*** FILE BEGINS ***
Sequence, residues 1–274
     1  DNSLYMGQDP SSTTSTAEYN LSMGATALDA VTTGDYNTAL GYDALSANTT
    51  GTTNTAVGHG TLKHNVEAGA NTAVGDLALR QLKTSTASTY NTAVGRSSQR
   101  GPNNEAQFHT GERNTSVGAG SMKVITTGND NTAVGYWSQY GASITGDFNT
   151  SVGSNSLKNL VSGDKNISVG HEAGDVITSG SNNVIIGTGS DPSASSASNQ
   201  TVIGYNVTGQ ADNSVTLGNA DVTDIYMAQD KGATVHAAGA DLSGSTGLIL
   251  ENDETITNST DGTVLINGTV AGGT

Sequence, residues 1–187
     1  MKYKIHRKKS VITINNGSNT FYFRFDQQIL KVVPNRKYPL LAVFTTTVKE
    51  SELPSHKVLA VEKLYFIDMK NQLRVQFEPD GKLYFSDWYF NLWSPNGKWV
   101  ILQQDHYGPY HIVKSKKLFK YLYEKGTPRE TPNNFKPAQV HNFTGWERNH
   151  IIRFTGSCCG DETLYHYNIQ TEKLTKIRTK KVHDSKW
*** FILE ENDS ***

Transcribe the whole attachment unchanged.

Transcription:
Sequence, residues 1–274
     1  DNSLYMGQDP SSTTSTAEYN LSMGATALDA VTTGDYNTAL GYDALSANTT
    51  GTTNTAVGHG TLKHNVEAGA NTAVGDLALR QLKTSTASTY NTAVGRSSQR
   101  GPNNEAQFHT GERNTSVGAG SMKVITTGND NTAVGYWSQY GASITGDFNT
   151  SVGSNSLKNL VSGDKNISVG HEAGDVITSG SNNVIIGTGS DPSASSASNQ
   201  TVIGYNVTGQ ADNSVTLGNA DVTDIYMAQD KGATVHAAGA DLSGSTGLIL
   251  ENDETITNST DGTVLINGTV AGGT

Sequence, residues 1–187
     1  MKYKIHRKKS VITINNGSNT FYFRFDQQIL KVVPNRKYPL LAVFTTTVKE
    51  SELPSHKVLA VEKLYFIDMK NQLRVQFEPD GKLYFSDWYF NLWSPNGKWV
   101  ILQQDHYGPY HIVKSKKLFK YLYEKGTPRE TPNNFKPAQV HNFTGWERNH
   151  IIRFTGSCCG DETLYHYNIQ TEKLTKIRTK KVHDSKW